LRTC Horse Emergency Response Team Information Sheets and Resource Guides
These information sheets and procedure guides are primarily intended for persons associated with or working with the LRTC Horse Emergency Response Team. However, this information may be useful to other groups or private individuals who may wish to prepare for emergency activities involving horses and other large animals.
Everyone working with large animals and rescue equipment during training and actual emergency conditions should always exercise common sense, caution and safe practices. The descriptions provided below are for basic orientation and familiarization and are not a substitute for formal hands-on training or personal responsibility when working with and around large animals and specialized equipment.
Local Responder and Animal Owner Training
(2017 Division of Emergency Management hands-on classes will be posted once they are scheduled.)
Note: We realize that it is difficult to locate information sheets within our matrix of web sites and sections. (The whmentors site alone has over 700 web documents in 34 separate subject folders and the associated domains have about 5,000 archived documents.) However we are in the process of reorganizing the indexes so that you don't have to use a search engine to find the information you want. If you discover a document that contains information that contradicts contemporary practices, please email us so we can look into it. Please include the URL for the document in your report.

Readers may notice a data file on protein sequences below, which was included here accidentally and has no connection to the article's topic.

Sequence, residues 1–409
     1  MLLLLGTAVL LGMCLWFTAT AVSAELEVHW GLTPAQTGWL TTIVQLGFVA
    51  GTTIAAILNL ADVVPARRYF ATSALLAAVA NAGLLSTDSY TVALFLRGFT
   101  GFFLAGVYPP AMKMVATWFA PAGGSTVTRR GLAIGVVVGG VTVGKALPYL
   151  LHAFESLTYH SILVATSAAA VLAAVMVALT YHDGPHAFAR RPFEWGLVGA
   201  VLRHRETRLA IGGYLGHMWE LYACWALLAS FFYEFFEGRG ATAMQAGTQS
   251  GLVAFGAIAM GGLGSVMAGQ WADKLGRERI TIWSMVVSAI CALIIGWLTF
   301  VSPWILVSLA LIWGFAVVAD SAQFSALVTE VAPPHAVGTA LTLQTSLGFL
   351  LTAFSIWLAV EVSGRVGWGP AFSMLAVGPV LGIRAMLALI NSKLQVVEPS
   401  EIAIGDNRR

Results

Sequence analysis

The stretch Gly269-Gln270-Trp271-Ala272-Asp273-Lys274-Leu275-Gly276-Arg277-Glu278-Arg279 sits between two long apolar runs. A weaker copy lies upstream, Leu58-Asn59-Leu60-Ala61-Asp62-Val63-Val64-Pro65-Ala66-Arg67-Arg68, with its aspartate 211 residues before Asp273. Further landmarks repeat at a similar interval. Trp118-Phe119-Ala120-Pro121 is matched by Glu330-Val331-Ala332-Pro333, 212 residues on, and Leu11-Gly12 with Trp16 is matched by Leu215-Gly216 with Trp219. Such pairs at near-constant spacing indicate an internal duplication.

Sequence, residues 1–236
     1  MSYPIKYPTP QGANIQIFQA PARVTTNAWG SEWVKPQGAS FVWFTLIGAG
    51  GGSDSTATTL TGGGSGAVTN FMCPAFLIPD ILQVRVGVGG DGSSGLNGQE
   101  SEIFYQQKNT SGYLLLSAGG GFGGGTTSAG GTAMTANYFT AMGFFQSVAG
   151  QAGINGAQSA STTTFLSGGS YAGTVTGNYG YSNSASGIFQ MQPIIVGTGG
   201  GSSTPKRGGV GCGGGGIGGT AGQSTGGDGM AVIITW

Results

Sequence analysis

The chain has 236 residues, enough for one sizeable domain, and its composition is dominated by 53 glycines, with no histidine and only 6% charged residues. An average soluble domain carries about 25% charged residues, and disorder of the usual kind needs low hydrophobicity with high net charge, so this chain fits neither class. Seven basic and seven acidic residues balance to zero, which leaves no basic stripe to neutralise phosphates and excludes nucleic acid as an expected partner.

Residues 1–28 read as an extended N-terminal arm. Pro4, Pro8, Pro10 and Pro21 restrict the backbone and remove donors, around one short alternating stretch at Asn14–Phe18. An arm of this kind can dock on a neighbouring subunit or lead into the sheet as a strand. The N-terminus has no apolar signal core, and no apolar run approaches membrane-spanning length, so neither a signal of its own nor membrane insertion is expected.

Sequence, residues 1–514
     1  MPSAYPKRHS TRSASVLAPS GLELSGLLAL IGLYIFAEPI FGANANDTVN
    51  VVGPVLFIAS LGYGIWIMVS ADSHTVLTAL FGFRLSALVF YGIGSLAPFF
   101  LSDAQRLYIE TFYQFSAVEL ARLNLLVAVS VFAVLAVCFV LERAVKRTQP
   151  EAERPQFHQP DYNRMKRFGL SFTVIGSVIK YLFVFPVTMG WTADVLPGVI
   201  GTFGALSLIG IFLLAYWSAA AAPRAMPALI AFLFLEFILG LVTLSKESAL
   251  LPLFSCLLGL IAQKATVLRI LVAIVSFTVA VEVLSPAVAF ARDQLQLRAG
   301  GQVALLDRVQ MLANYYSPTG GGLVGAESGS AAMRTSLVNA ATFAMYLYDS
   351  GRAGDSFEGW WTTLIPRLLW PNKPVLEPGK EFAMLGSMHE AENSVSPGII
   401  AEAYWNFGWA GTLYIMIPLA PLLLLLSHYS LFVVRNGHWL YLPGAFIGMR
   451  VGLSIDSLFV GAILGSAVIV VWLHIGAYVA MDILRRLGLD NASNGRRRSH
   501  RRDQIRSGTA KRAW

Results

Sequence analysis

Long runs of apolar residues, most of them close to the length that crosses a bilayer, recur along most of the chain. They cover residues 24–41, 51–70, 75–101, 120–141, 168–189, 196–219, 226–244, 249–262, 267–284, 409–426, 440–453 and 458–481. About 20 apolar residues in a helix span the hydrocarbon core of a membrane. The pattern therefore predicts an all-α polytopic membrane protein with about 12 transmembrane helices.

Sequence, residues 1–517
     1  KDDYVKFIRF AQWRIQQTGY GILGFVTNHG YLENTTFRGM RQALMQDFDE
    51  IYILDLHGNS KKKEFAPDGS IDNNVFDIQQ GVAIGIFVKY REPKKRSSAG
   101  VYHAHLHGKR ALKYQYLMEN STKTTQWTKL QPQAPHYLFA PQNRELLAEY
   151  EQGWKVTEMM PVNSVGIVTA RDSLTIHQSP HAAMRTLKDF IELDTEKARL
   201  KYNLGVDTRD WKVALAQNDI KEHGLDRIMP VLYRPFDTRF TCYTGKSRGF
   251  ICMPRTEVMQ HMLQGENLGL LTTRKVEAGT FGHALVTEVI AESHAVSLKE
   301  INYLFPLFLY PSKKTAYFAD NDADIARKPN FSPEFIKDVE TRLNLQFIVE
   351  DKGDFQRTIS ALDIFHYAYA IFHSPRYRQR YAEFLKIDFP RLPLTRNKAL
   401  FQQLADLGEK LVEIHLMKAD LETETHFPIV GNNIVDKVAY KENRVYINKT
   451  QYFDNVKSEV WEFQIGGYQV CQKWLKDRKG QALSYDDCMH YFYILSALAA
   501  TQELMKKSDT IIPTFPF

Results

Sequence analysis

The scenarios listed below are for illustrative purposes only. Their purpose is to familiarize readers with modern and safe approaches in dealing with large animal rescue situations. The information presented is not a substitute for qualified hands-on training. Some of the techniques shown can be hazardous if not applied correctly. Please take all of this information as "awareness level" only! Thanks.
We feel that it is appropriate to pay memorial tribute to Capt. John Nunes of the Contra Costa (California) Fire Protection District. John was significant in motivating many of us to become involved in technical large animal rescue and evacuation activities.
John passed away on April 4, 2009, from a service related illness. His legacy includes the continuum of career personnel and volunteers who train so that they can help animals and their owners when serious emergencies and disasters strike.